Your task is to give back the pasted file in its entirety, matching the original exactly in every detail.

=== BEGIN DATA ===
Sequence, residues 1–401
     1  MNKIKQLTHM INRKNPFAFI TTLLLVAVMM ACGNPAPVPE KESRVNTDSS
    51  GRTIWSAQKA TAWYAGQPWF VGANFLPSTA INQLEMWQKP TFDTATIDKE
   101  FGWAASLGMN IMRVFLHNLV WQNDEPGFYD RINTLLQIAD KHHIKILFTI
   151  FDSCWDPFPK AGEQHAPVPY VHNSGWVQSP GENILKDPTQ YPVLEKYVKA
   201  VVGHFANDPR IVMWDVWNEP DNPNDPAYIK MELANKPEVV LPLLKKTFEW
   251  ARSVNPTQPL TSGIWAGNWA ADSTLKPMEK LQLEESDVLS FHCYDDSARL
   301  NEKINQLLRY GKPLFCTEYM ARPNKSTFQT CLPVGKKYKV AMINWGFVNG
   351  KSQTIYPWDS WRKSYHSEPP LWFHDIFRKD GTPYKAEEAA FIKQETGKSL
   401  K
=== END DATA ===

Sequence, residues 1–401
     1  MNKIKQLTHM INRKNPFAFI TTLLLVAVMM ACGNPAPVPE KESRVNTDSS
    51  GRTIWSAQKA TAWYAGQPWF VGANFLPSTA INQLEMWQKP TFDTATIDKE
   101  FGWAASLGMN IMRVFLHNLV WQNDEPGFYD RINTLLQIAD KHHIKILFTI
   151  FDSCWDPFPK AGEQHAPVPY VHNSGWVQSP GENILKDPTQ YPVLEKYVKA
   201  VVGHFANDPR IVMWDVWNEP DNPNDPAYIK MELANKPEVV LPLLKKTFEW
   251  ARSVNPTQPL TSGIWAGNWA ADSTLKPMEK LQLEESDVLS FHCYDDSARL
   301  NEKINQLLRY GKPLFCTEYM ARPNKSTFQT CLPVGKKYKV AMINWGFVNG
   351  KSQTIYPWDS WRKSYHSEPP LWFHDIFRKD GTPYKAEEAA FIKQETGKSL
   401  K